The University of Connecticut Undergraduate Student Government (USG) passed bills Wednesday night supporting student representation on Community Standards as well as adding a sustainability course to general education requirements.
The next step for both initiatives is for USG representatives to work with their respective parts of administration.
USG’s Judiciary worked on getting student representation on UConn’s Community Standards boards for the past three years, Sen. Steven Perry (Hilltop Apartments), a sponsor of the bill, said.
Community Standards evaluates students who have been accused of breaking the university’s conduct codes and decides punishments for students found responsible. The most common offenses for 2015-2016 were illegal consumption, possession, and/or proximity violating the university’s alcohol and other drugs policy, illegal drug possession and academic integrity violations such as plagiarism and cheating.
Sen. Noah O’Connor (West) also sponsored the bill and said, while students are referred to Community Standards for breaking university rules, having fellow student representation would make the process fairer.
“We want to make sure their voices are being heard, that they’re taken seriously as adults,” O’Connor said.
Andrew Stern, USG Chief Justice and co-author of the bill, said students have representation on one part of Community Standards: the Student Probation Review Committee. The committee deals with students who are on probation after being found responsible for breaking conduct codes. Stern said the earlier stages of the Community Standards process should also include students.
“In the actual decision making process, there’s no student representation,” Stern said.
Wambui Gatheru, USG Associate Justice and co-author of the bill, said students would be required to undergo training to be on the Community Standards boards.
“We understand that Community Standards is a very private, personal process. It usually involves very serious offenses against the university, so the people sitting on these boards would have extensive training,” Gatheru said.
Gatheru added that Title IX cases, typically dealing with sexual assault, would be excluded from student representation.
The USG Judiciary examined how other public universities’ versions of Community Standards operate and found that many include students on their boards. Schools like University of New Hampshire, University of Rhode Island and Pennsylvania State University all have student representation on their boards.
“At University of Virginia, their version of Community Standards is entirely students,” Stern said.
Stern added that according to Community Standards, they used to have student representation but there wasn’t enough interest from students to keep them on boards. Since then, Stern has said many students have reached out regarding representation on Community Standards.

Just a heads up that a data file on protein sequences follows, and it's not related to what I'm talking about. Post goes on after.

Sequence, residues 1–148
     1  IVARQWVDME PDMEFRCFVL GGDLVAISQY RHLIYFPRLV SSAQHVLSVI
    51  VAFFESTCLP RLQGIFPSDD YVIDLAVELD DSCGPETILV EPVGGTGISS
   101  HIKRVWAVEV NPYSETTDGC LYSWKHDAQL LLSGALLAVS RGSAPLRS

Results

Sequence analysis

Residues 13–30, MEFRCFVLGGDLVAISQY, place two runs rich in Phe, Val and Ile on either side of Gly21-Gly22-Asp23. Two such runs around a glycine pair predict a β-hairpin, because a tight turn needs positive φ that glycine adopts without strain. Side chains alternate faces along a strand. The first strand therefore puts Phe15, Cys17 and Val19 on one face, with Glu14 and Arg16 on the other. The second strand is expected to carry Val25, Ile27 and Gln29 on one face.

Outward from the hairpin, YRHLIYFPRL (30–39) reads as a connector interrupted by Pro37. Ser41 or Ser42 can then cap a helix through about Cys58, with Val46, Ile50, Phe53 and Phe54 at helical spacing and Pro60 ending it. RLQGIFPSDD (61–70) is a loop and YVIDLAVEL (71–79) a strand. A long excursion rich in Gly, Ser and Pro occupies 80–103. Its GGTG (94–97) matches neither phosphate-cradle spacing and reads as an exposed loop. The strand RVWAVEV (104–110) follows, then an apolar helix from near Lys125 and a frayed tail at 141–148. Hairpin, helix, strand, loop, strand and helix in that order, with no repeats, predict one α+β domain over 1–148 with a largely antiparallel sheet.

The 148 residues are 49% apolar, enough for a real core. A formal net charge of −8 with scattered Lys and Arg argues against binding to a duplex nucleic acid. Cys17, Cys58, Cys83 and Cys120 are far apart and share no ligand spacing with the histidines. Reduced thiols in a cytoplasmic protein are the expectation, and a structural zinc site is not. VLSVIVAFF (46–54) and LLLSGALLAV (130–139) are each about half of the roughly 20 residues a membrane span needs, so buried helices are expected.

Stern said he hopes with USG’s support and the Judiciary’s detailed proposal, Community Standards will be open to having students participate in the hearing process for students accused of breaking UConn’s codes of conduct.
The second initiative supported by USG was the addition of a sustainability course to the university’s general education requirements. Currently, the General Education Oversight Committee (GEOC) is reviewing the proposal.
Over 200 courses already in the university’s catalog could potentially fill the requirement, including courses from the english, geography, journalism and sociology departments, among several others.
Sen. Myles Gibbs (Engineering) wrote the bill seeking USG support for a sustainability gen ed.
The bill stated that the number of credits required for students to graduate would not increase, should the university decide to implement the gen ed.
“Some of the feedback I got… were concerns that we’re trying to make it harder for students to graduate and that’s absolutely not the case,” Gibbs said.
Sen. Wawa Gatheru (McMahon), sponsor of the bill, said if the gen ed is approved and implemented, it would apply to incoming students only and would not disrupt current students’ plans of study.
Gibbs also said options being considered for incorporating a sustainability course include merging it with another content area, instead of creating a new one, or allowing students to enroll in three “double-dip” classes, rather than the current limit of two.
Gibbs said he’s hoping, with USG’s support, GEOC will be more likely to follow through and add a sustainability gen ed to the curriculum.
“I think we’re introducing legislation that will change the campus for the better,” Gibbs said.
Schae Beaudoin is a staff writer for The Daily Campus. She can be reached by email at firstname.lastname@example.org.